New Jersey Assembly lawmakers plan to pass a bill today that would restore $139 million of transitional aid for 11 cities in fiscal distress, including six with barely enough cash to last the month.
The Democratic-sponsored legislation would be posted as an emergency measure on the Assembly floor, bypassing the usual committee hearings. The move needs support from three-quarters of the chamber’s 80 members, according to legislative rules.
Democrats control the Assembly 47-33. Republicans will agree to grant an emergency hearing on the bill, Alex DeCroce, the chamber’s Republican leader, said in a Statehouse interview.
“It’s something we’re all comfortable with,” said DeCroce, who is from Parsippany. “It’s long overdue.”
Governor Chris Christie, a first-term Republican, had reduced transitional aid to $10 million in the $29.7 billion budget he signed in June. He then agreed to increase the amount to $139 million in a supplemental spending bill as long as his administration got more power over it.
The Democrats’ bill adds $1.5 million for the cost of oversight, Tom Hester, a spokesman for Assembly Speaker Sheila Oliver, an East Orange Democrat, said by e-mail. Christie’s measure took that cost out of the total pool for the cities. Michael Drewniak, a spokesman, declined to say immediately whether the governor would support the $1.5 million increase.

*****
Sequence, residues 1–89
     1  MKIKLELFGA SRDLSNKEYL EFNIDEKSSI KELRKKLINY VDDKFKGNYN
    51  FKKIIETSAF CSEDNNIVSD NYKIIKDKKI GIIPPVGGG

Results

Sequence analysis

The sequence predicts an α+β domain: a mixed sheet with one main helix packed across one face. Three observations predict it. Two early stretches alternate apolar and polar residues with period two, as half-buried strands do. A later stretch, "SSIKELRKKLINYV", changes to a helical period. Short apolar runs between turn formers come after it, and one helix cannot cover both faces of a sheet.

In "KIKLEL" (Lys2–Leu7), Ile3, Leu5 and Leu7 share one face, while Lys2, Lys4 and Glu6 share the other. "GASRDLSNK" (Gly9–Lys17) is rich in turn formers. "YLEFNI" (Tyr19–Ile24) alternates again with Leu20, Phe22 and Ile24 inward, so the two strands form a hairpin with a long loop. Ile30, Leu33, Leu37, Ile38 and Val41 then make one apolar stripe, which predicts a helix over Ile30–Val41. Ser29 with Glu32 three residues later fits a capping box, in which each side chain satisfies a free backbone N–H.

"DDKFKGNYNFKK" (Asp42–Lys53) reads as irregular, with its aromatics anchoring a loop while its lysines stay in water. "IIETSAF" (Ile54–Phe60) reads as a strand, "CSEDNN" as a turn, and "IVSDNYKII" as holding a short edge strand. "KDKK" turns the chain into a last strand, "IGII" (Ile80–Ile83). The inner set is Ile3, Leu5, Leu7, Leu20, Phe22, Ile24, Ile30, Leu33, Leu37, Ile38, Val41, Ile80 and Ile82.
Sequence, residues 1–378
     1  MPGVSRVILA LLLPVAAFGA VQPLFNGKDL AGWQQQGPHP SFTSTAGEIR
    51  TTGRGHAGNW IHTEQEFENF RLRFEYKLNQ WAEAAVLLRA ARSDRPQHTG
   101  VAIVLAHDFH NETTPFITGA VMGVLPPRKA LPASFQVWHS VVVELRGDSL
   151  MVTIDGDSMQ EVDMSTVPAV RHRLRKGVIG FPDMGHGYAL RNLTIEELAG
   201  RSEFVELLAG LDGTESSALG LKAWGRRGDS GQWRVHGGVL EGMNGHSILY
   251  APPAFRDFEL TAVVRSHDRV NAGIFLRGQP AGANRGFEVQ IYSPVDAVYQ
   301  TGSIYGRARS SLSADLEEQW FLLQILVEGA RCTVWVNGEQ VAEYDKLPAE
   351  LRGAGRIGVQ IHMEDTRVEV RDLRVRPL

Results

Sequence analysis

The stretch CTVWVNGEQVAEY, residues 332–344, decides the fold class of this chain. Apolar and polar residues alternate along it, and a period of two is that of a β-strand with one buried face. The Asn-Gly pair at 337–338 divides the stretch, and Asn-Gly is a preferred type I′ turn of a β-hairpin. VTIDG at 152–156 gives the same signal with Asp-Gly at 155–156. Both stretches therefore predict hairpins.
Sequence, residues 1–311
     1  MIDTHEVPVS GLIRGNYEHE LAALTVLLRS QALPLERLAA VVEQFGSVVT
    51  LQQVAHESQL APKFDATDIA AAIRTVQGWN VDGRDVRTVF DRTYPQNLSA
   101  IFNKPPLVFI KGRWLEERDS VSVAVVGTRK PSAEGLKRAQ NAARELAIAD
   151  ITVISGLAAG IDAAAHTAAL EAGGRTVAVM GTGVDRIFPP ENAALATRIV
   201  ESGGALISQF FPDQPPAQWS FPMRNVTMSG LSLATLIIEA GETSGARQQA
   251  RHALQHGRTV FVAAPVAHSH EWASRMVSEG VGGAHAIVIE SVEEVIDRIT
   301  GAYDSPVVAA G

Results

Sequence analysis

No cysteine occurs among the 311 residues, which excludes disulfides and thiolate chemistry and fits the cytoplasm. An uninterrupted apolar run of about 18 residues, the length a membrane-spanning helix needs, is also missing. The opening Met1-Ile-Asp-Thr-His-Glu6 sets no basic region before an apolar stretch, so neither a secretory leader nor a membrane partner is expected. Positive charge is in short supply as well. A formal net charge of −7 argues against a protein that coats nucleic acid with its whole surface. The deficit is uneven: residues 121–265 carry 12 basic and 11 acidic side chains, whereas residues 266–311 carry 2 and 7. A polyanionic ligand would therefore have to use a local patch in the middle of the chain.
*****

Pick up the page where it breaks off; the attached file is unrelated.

Senate President Stephen Sweeney, a Democrat from West Deptford, said he expects his house to give final approval to the transitional aid measure by Dec. 15. “I think this is a very reasonable compromise,” he said during a brief interview.
Six of the 11 cities waiting for their share of the aid operate on a calendar-year basis, giving them less than a month to make their cash last.
Last week, Terry Reidy, city manager of Asbury Park, said he was considering short-term borrowing to pay municipal workers because he may run out of cash by mid-month. The town of Harrison was shifting money among municipal accounts as it awaited $4.5 million, according to Gabriela Simoes, chief financial officer.
The transitional aid is 13 percent less than the $159 million budgeted last year, the result of Christie’s promise that municipalities will be gradually phased out of the program. Assistance went to 22 municipalities last year.
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